Asthma In US, UK And All Around The World
Over the years, the knowledge surrounding asthma has made the condition more treatable and there is seldom any stigma surrounding it.
Those that suffer from this respiratory condition that causes tightening of the airways usually find it difficult to partake in any strenuous activities or sports without medication. And also tend to be prone to allergens such as dust, pollen, or fur.
Asthmatic People Worldwide
The World Health Organisation (WHO) estimates that over 300 million people around the world suffer from asthma with another report stating that the condition is the most common chronic condition in children.
Around 14% of all children in the world have asthmatic symptoms and around 8.5% of adults suffer from the condition.
Little is known about asthma in terms of its root cause(s) – neither is there a sure-fire cure – but it can be agreed that there are various genetic and environmental factors that contribute to its development.
It is often under-diagnosed and under-treated, with thousands unaware they have the condition. So it can significantly affect an individual’s quality of life and wellbeing.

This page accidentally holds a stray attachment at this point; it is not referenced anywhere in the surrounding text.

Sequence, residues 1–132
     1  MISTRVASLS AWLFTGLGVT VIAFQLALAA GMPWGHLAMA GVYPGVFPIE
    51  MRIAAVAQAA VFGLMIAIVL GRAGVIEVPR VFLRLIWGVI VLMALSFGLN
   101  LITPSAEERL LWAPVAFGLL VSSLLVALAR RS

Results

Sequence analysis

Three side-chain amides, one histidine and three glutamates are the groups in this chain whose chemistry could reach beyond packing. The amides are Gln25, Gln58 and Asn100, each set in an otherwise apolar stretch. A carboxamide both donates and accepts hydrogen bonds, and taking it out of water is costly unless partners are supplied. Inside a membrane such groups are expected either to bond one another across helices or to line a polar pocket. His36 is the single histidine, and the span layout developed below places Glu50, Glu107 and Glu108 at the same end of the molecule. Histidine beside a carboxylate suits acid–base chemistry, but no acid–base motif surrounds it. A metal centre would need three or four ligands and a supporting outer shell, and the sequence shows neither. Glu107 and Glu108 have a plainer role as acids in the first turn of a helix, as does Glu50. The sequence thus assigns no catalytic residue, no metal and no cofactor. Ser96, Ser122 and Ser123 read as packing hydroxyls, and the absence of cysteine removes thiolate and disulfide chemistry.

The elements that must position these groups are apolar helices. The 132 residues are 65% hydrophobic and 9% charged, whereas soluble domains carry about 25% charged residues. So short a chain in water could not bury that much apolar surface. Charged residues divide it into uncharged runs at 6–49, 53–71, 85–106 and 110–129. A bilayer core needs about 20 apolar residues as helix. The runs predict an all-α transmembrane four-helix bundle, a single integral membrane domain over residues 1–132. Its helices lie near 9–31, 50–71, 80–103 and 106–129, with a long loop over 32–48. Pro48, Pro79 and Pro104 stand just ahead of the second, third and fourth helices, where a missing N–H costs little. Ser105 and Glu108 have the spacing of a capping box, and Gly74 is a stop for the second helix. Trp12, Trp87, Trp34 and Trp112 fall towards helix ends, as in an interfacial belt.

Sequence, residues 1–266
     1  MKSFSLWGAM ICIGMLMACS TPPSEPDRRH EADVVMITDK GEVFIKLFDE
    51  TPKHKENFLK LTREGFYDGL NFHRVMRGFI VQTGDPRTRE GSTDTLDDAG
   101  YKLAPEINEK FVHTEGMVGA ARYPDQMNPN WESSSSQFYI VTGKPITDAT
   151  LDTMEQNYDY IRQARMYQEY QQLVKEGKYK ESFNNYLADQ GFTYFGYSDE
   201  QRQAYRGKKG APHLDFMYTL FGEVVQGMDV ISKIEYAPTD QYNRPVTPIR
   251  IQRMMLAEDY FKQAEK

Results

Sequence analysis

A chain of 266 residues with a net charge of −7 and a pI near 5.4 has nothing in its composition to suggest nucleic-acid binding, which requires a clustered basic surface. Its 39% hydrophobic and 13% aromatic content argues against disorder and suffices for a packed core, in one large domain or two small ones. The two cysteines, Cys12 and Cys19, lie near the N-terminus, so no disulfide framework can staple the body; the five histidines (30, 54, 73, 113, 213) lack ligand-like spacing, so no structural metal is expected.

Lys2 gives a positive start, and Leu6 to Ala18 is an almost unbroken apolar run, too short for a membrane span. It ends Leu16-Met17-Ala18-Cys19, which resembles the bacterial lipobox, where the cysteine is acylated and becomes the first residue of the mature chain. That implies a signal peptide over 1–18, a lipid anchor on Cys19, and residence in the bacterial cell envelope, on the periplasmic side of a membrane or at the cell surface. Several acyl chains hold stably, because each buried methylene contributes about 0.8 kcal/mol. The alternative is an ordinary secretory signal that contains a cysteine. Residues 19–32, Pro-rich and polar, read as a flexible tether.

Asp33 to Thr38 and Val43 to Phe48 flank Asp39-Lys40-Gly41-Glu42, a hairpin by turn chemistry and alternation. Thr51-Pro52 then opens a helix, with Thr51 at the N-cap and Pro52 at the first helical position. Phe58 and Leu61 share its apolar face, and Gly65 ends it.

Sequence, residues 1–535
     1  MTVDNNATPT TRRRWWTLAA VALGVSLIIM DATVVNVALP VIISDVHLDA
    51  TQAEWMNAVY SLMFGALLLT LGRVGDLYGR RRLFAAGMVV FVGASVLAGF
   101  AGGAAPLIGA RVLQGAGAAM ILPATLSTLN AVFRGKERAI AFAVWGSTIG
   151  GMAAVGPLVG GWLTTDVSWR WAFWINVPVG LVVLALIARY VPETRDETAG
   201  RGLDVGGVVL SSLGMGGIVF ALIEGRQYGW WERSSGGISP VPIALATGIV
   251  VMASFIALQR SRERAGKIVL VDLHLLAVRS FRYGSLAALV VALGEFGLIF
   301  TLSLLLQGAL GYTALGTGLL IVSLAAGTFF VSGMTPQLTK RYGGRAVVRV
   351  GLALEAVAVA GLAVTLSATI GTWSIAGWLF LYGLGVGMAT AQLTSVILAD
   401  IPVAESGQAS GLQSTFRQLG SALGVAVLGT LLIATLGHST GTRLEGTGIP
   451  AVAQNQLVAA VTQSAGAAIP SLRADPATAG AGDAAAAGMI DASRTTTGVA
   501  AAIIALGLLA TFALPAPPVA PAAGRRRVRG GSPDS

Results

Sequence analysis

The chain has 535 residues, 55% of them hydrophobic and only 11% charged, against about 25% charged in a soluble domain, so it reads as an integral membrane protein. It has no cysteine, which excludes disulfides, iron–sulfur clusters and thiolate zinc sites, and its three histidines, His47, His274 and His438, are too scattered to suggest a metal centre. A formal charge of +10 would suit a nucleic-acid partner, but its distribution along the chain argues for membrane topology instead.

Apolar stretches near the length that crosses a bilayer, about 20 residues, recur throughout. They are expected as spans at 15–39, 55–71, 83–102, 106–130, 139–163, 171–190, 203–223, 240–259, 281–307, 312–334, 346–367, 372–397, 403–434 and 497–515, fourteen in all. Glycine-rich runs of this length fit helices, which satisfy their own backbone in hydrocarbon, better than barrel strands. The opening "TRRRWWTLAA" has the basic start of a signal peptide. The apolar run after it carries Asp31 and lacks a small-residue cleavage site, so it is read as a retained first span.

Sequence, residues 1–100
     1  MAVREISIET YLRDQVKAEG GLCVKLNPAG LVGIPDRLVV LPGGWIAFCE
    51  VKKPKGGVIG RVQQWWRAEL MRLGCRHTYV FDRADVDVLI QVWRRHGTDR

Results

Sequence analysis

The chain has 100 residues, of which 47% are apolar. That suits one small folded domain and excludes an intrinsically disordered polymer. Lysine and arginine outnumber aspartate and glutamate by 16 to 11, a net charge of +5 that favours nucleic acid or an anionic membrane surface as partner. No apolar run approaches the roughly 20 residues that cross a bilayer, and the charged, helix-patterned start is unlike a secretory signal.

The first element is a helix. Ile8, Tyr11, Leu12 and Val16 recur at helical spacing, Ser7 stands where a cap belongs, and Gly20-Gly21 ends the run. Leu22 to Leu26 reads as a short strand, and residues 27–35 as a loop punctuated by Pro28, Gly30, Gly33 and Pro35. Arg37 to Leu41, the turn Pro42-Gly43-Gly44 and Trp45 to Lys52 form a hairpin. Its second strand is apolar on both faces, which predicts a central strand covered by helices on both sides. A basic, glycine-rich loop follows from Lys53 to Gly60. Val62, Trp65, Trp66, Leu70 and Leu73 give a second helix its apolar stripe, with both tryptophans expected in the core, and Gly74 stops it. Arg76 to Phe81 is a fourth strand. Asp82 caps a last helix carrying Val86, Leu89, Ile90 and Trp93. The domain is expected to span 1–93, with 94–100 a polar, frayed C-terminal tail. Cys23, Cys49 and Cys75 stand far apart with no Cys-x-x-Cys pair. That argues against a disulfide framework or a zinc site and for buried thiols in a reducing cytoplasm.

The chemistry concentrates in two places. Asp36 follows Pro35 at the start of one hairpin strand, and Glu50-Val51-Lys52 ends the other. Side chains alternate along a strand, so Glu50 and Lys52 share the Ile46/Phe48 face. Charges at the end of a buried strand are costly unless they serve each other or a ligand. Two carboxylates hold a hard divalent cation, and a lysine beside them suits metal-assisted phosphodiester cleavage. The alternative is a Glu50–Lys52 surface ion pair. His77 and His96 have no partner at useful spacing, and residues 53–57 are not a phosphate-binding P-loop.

Asthma In US
Almost 8% of the U.S population have asthma with costs for treatment around $60 billion every year.
Furthermore, asthma-related deaths have also been reported to be around the 4,000 mark. Within the last 10 years, there has also been a rise with 3.5% in the number of children suffering from this respiratory condition (from 1 in 11 to around 1 in 8 children).
With asthma on the rise, researchers have estimated that the number of those with the condition will probably grow to another 100 million by 2025.
The statistics don’t stop there! As mentioned, around a whopping 70% of those with this respiratory condition are likely to have other allergies.
Studies also show that men are more likely to suffer from asthma than women, with the highest prevalence of asthma sufferers said to be from Australia, Western and Northern Europe, and Brazil.
This condition is not selective of a certain location or social status, although those of low-middle income families are more likely to suffer from severe symptoms or even asthma-related death.
It is already recommended that governments of low to middle-income countries should aim to disperse more knowledge on this topic and regard the condition as a higher health priority.
By investing more into research and integrating more care into the local communities, the people of such countries can develop standard practices in the hope of managing the condition more efficiently.
We discovered this nifty infographic detailing a few stats about this awful respiratory condition in the UK. Check it out!